During a future conflict in Moldova, a brilliant DARPA engineer named Clyne (the underrated James Badge Dale) is sent into the warzone to help the military make sense of the strange apparitions being picked up on the vision-enhancing goggles he invented. The locals think it’s the spirits of the dead, haunting the war-torn landscape; CIA officer Fran Madison (Emily Mortimer) thinks it’s a new enemy cloaking technology. Clyne refuses to pick a theory, determined instead to gather scientific evidence and reveal the truth. To that end, he and Madison embed with a military patrol to put themselves in the path of the spectral entitities and figure out what they are — if they can survive.

Spectral certainly looks okay, with reasonably good special effects, geographic verisimilitude, and convincing futuristic tech. Better is the acting, led by the capable Dale and Mortimer, and classed up even further by the likes of Clayne Crawford, Bruce Greenwood, and Stephen Root. But make no mistake, Spectral is a Sy-Fy movie on a Netflix budget. The mediocre action-adventure script is clearly elevated by the performers, especially Dale, who can play the smartest guy in the room with the best of them. Mortimer, meanwhile, possesses an assured presence, not to mention a spotless American accent. Alas, the story is simplistic A-to-B action, and the tone is super-serious, suggesting profundity unwarranted by the material. It’s distractingly unconvincing that Clyne, a civilian, should enter this high-stakes situation and immediately show himself to be more capable, resourceful, and cool under file than the experienced soldiers and intelligence agents in his midst. Not helping matters at all is the fact that for a film set in the future, Spectral is sociopolitically stuck in the past, with only one female character and a homogenously male military. An earnest effort, on some levels, but ultimately it works best as background noise for household chores.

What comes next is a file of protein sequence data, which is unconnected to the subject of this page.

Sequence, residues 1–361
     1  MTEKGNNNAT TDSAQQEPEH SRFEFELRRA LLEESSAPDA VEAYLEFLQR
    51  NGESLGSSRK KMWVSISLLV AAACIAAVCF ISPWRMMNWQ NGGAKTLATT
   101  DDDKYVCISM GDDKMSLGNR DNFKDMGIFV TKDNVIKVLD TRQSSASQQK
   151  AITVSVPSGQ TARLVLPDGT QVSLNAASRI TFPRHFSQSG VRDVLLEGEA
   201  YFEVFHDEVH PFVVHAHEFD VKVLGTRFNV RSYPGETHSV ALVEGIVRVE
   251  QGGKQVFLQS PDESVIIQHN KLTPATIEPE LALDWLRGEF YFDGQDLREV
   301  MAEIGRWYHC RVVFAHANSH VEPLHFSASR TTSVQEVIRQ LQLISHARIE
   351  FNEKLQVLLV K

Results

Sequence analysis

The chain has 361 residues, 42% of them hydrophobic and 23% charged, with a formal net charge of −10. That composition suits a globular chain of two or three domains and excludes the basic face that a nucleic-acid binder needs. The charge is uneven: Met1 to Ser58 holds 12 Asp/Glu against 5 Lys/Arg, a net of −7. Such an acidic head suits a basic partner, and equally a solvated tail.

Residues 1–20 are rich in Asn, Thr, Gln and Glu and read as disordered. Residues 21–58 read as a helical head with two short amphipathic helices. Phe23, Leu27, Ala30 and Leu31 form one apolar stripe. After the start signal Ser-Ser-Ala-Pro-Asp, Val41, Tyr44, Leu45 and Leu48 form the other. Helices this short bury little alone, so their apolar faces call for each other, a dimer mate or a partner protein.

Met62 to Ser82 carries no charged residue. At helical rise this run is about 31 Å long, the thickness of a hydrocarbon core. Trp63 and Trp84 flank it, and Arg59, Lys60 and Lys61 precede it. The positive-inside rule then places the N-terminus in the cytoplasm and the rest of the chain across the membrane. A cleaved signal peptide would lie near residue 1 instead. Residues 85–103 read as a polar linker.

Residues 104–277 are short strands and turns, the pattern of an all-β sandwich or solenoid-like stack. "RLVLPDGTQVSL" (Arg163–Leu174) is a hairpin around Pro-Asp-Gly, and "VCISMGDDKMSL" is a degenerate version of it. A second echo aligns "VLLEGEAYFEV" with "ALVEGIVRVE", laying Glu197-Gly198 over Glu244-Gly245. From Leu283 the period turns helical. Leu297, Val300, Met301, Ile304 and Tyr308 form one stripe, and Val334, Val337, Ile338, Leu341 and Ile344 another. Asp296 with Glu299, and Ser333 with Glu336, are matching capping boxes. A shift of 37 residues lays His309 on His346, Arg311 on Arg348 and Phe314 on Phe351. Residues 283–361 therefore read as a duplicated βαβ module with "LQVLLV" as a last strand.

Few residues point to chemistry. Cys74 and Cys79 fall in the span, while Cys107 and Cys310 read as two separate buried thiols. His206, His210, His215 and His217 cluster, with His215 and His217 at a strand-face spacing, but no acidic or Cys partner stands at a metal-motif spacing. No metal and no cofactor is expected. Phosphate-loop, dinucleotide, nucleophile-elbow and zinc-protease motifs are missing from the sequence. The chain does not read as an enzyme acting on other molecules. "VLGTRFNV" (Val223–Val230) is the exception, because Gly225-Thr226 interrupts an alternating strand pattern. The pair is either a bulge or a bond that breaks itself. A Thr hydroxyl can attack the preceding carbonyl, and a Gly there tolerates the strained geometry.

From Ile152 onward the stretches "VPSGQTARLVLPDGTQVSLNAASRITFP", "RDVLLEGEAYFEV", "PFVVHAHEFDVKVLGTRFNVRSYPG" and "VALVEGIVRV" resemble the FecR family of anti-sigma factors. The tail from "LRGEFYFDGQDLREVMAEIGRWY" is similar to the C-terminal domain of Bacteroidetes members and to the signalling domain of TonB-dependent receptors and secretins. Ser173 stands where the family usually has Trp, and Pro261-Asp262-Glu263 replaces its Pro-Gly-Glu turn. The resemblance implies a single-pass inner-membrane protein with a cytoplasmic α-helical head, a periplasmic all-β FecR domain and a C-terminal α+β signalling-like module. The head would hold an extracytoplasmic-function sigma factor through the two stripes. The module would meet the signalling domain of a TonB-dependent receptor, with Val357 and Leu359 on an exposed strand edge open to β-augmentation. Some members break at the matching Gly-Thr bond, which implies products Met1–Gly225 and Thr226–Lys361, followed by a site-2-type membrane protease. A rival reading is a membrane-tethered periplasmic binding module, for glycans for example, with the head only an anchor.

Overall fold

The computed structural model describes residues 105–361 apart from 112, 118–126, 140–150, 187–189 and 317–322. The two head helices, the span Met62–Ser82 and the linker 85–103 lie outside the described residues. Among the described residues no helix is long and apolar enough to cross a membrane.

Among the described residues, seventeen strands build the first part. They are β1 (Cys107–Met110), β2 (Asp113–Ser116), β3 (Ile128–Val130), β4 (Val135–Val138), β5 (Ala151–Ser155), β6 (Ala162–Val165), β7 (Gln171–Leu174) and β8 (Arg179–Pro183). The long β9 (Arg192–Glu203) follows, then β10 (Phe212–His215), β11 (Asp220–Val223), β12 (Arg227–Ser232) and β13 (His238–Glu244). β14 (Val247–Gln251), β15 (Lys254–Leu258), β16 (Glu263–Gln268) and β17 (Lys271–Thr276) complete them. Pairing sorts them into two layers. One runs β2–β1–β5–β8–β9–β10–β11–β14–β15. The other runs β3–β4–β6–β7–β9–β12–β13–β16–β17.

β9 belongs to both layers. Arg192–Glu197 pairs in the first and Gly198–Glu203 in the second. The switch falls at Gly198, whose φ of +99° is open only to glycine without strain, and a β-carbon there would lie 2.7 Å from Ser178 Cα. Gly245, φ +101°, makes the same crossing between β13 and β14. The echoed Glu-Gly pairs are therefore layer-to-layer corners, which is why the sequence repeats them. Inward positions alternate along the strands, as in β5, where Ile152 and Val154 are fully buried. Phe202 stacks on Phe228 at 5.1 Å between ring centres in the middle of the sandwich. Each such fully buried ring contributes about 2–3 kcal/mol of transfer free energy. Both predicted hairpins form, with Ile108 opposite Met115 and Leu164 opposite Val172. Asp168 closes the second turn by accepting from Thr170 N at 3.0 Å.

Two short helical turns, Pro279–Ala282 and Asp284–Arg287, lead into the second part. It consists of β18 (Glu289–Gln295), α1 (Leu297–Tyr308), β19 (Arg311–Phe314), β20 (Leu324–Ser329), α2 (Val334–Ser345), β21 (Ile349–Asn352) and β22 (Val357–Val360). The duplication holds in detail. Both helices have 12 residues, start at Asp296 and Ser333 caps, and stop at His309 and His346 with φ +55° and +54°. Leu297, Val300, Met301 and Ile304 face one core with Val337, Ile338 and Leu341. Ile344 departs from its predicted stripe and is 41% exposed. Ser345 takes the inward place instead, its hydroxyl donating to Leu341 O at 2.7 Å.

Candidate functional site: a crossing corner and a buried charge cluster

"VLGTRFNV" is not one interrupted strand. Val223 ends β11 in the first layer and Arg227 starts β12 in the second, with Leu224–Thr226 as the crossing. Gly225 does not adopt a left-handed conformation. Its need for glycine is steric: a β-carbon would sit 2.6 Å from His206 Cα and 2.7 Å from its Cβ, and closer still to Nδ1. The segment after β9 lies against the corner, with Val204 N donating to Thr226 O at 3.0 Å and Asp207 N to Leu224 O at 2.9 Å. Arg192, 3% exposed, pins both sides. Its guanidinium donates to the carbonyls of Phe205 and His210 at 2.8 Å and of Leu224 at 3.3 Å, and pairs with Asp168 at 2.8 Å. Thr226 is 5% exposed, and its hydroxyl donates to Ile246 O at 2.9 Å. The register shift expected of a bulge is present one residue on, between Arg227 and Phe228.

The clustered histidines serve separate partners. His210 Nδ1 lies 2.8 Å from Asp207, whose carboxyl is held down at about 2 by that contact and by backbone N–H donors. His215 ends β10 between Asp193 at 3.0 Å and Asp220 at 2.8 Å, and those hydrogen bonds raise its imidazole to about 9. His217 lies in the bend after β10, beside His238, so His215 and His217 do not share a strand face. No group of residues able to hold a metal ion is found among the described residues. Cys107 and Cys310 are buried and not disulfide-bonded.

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Film, Spies

Film: The Recruit

March 20, 2017